Marisa Martin is a Christian, conservative political activist and practicing artist of over 30 years. She uses a pen name because she feels it is terribly rude for an artist to criticize other artists – and it slows the hate mail down.More ↓Less ↑
“There are more things in heaven and earth,” marveled Shakespeare’s Hamlet, “than are dreamt of in your philosophy.”
Putting aside phantoms and bloody fingers for a moment, the Bard’s thoughts could easily apply to the entire realm of the arts. Creative people reveal, investigate, build or experiment with material objects and spiritual realities in highly unusual ways. Many are deemed quite demented until a new medium or genre takes off and becomes socially acceptable. Sharing their discoveries with the world in new or meaningful forms often assumes the form of some type of “art” in all its diversity.
Artists and art lovers have this in common; they actively search out the potential of objects, materials, situations or places rather than accepting them at the flat face value the world assigns them. Think about Warhol with his soup cans, Rachel Whiteread and her cast of a life-size Victorian home or musical footpads and laser instruments.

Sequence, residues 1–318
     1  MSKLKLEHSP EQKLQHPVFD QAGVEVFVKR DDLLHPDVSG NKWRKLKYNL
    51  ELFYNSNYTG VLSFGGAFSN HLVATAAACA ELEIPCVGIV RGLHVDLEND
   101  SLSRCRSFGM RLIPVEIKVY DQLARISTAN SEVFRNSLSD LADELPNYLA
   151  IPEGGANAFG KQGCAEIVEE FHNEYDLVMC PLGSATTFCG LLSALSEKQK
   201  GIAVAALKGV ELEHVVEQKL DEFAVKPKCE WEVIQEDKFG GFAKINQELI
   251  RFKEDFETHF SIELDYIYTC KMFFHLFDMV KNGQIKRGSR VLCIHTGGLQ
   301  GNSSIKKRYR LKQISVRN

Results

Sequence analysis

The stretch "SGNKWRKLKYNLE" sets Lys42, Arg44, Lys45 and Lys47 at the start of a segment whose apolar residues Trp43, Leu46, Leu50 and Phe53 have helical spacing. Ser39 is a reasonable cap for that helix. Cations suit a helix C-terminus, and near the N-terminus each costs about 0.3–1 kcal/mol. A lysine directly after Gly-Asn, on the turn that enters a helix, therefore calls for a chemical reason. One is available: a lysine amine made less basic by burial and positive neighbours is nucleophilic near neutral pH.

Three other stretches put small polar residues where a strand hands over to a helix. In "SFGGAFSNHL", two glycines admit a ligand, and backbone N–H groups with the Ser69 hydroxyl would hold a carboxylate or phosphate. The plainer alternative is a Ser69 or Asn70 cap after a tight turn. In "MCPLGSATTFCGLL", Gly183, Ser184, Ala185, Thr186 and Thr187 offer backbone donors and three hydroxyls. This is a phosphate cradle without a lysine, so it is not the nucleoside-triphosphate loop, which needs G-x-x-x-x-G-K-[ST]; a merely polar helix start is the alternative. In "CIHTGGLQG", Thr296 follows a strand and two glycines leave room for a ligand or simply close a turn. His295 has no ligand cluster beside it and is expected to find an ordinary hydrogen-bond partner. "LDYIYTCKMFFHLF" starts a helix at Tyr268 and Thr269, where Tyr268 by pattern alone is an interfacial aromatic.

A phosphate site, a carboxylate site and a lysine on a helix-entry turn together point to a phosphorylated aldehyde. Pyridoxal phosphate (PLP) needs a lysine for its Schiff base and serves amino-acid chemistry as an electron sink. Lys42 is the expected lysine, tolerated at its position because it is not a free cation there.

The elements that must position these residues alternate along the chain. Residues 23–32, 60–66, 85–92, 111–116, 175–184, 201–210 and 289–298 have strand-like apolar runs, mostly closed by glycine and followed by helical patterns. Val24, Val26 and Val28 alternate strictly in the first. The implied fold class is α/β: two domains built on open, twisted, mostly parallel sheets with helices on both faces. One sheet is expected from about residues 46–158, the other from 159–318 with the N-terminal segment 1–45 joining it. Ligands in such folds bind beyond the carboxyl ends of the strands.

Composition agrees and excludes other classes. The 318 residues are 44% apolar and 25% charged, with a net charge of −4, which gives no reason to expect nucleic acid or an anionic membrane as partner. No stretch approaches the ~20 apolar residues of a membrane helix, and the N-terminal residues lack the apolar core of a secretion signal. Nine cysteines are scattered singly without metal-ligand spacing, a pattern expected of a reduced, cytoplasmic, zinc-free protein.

But artists are only part of this picture, let’s say the foreground. Without a scattering of supporters, most art isn’t budging more than a few feet from a studio. Collectors and promoters willing to consider “things in heaven and earth” imbibe the artist’s vision if it moves them personally. Some are renowned for the great names they nurtured – Gertrude Stein and Alfred Stieglit,z as well as contemporary mega collectors Eli Broad or the Ahmansons.
Others dwell in relative obscurity, promoting art for the sheer joy of it and sharing with their private audiences. Dr Cecilia Cárdenas’ dental office in Guadalajara is one of those secret corners of the earth holding a surprise for her guests – in this case a “heart transplant.” Contemporary art with Christian themes cover the walls and floor space in her waiting room. Quality of the work is very high and relatively large-scale, almost overwhelming the small, tiled area.
This is a deliberate move by Cardenas, a serious Christian who loves art and God, thinking one may as well lead to consideration of the other. The current pieces she commissioned were based on Bible passages on the heart. In this occasion, art unites with words to reinforce that the main purpose is not just about knowing the Bible, but about experiencing it.